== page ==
Wednesday, September 6, 2017
6:00 pm EDT - 7:00 pm EDT
Writing to a friend in the mid-1950s, the American fiction writer Flannery O’Connor noted that we live in an age in which “the moral sense has been bred out of certain sections of the population, like the wings have been bred off certain chickens to produce more white meat on them….This is a Generation of wingless chickens, which I suppose is what Nietzsche meant when he said God was dead.” In such a situation, she felt, subtlety could not work: “you have to make your vision apparent by shock—to the hard of hearing you shout, and for the almost blind you draw large and startling figures.” Dr. Bauerschmidt will explore how, through her fiction, O’Conner presented her Catholic vision by means of grotesque and often shockingly violent tales in which the absolute demands of belief clash with postmodern indifference, attempting to open jaded modern readers to the possibility of transcendent truth.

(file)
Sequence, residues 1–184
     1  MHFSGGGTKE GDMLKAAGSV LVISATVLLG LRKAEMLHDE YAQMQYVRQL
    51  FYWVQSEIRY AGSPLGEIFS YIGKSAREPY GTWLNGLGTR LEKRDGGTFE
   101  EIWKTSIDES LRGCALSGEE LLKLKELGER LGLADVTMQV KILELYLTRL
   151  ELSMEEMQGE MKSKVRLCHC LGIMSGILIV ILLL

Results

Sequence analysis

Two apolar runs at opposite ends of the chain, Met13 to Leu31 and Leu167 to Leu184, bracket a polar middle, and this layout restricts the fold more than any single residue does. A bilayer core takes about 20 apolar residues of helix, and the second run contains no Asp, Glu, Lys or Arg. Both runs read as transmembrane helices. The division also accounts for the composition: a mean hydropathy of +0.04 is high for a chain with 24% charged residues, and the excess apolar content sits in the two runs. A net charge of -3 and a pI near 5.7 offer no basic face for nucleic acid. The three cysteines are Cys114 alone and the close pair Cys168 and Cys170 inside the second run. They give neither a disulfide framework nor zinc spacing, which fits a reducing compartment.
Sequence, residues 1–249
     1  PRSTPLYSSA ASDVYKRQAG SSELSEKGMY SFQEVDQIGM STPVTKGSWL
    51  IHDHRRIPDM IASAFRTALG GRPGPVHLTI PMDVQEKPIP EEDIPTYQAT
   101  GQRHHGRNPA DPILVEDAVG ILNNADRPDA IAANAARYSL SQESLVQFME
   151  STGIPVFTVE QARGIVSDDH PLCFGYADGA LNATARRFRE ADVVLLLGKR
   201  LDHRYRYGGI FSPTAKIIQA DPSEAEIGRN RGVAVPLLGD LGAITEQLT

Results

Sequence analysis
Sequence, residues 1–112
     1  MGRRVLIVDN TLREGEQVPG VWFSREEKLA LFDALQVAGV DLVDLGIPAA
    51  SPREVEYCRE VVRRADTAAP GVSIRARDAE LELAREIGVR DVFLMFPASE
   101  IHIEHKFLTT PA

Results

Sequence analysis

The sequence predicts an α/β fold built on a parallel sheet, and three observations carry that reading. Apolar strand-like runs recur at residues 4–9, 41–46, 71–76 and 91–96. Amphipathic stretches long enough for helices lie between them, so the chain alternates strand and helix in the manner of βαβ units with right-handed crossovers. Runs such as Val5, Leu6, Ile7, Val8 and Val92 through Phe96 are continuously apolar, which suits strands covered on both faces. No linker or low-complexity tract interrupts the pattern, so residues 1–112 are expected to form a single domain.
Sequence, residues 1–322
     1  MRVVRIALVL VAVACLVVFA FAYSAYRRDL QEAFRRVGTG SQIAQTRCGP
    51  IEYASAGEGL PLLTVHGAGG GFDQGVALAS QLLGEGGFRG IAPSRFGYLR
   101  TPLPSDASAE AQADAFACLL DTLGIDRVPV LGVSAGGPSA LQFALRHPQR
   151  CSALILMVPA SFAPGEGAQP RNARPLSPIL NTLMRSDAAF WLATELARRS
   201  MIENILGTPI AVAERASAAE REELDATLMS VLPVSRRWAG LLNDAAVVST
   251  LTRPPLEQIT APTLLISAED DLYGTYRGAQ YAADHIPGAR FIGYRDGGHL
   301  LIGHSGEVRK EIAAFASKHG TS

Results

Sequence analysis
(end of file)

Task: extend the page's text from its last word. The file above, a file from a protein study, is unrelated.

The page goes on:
Dr. Frederick C. Bauerschmidt is Professor of Theology at Loyola University Maryland and a deacon of the Archdiocese of Baltimore. He has published book on the theology of Thomas Aquinas and the Christian mystical tradition, as well as numerous articles on Catholic life and thought.
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